Critical Webpack Resource Injection for Vue 3 SSR Applications
Update: Apr 28, 2022
I've created a separate Webpack plugin to generate the manifest of critical assets without any of the limitations from my original solution below. It consists of a client plugin and server plugin similar to how SSR worked in Vue 2.
Vue 3 has been officially released for almost a year but presently, at the time of writing this post, its Server Side Rendering (SSR) support is still very lackluster — unless you use an opinionated toolchain like Nuxt 3 (still not released), Quasar 2, or Vite — you're somewhat screwed as a Webpack user.
Even without this list of critical CSS, as long as the SSR markup includes the main entry point
Consider the following component hierarchy for a hypothetical Vue 3 SSR website:
If we simply render
I didn't follow Vue 3's development too closely so I can only speculate based on my experience of reading the source code. Optimistically, I believe it's due to Vue 3 wanting to become toolchain-agnostic. Back in Vue 2, everything was assumed to be bundled with Webpack. In Vue 3, we have Vite and Webpack for bundling Vue applications (I guess Parcel and Gulp also exists but who uses those anymore?). As a result, it would not make sense for Vue 3's SSR renderer (
renderToString) to accept a Webpack-specific
manifest.json to generate the list of critical resources.
The resource <URL> was preloaded using link preload but not used within a few seconds from the window's load event. Please make sure it has an appropriate `as` value and it is preloaded intentionally.
One thing I noticed while playing around with Vue 3 is that we can already determine what components the current route will load without any additional toolchain support.
Unfortunately, this isn't particularly useful because this function only returns a list of components and not their actual output files.
Our goal is to thus map this list of components into their actual output files. One important observation here is that each component object has a
__file property. By default,
vue-loader only injects this property in development builds. Luckily, we can configure the loader to insert this property in production builds as well by setting
exposeFilename: true in our Webpack configuration.
MainLayout.vue could correspond to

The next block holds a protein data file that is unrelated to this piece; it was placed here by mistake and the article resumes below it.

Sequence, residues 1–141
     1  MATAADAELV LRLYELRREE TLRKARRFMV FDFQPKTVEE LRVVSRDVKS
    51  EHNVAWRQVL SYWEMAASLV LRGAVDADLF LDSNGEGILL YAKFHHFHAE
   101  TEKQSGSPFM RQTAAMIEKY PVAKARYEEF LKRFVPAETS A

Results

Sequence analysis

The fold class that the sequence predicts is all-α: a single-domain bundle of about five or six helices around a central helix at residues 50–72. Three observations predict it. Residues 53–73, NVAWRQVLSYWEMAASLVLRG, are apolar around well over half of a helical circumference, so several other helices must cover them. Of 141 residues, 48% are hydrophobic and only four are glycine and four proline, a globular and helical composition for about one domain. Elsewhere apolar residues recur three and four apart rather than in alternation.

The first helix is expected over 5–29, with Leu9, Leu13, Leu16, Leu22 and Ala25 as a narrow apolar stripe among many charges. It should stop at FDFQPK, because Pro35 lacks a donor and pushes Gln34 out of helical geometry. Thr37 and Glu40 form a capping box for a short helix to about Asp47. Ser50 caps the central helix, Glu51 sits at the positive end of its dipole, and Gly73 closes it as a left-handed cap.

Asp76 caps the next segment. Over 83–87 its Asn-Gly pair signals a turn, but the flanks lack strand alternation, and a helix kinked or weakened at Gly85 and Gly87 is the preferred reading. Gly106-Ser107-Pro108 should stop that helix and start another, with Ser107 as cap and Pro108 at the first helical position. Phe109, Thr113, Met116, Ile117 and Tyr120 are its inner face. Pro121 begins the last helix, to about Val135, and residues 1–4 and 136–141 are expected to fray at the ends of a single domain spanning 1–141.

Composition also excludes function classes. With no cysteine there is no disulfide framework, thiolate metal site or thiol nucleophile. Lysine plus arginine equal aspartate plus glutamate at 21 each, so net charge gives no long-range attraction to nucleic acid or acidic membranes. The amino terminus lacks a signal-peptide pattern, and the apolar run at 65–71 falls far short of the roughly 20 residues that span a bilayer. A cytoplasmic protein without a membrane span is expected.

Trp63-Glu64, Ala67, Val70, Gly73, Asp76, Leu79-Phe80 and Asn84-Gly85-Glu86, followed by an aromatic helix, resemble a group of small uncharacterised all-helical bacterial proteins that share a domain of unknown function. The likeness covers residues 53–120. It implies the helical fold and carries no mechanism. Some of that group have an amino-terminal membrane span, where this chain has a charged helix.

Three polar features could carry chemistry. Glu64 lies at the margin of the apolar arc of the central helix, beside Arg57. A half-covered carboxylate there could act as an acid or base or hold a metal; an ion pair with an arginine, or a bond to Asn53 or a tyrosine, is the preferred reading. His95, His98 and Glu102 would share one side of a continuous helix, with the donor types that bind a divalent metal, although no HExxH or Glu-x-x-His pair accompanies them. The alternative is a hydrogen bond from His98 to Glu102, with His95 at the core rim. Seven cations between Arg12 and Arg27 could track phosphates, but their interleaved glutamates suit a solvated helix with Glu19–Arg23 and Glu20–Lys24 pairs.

MainLayout.js. If we can force Webpack to output files (also known as "chunks") in this manner, then it would be a trivial task of manipulating each component's
__file property to get the output file names.
For large components, this is already Webpack's default behavior: each component's id (inside Webpack) is just their full path with slashes and dots replaced by underscores e.g.
src_web_layouts_MainLayout_MainLayout_vue. All we have to do for this case is to pass a function into Webpack's
output.filename config to convert this name into
One optimization Webpack performs is merging multiple small files into a single large file. The problem is that this new file has an incomprehensible name that does not tell us what Vue components are located inside of it. We can resolve this by configuring Webpack's chunking algorithm to split every file regardless of the output file's size so that it never merges any components.
Finally putting everything together in our HTTP handler:
- Your component file names must be globally unique. For example, you cannot have multiple components named
Header.vuein different directories since
createOutputNameFnonly returns the file name.
Obviously this isn't a problem if your source code is already open source. For closed-source projects, this is something to consider but it shouldn't be an issue as long as your directory or file names are not confidential or politically-sensitive.
getMatchedComponentscannot determine which asynchronous components are loaded. As a result, even though they are still be rendered on the server by
defineAsyncComponentin SSR applications).
Finally, you can only have one entry point in your Webpack config.
If you try to add another entry point (e.g. for a service worker), Webpack would combine any shared vendor code between all your entry points into a new vendor file. As a result,
createOutputNameFnwould try to output multiple initial vendor files with the same name thus throwing an exception.
This shouldn't be a big issue since most projects should only need one entry point per configuration. If your SSR application does have multiple entry points, you would have to instead duplicate your configuration and output each entry point to a different directory.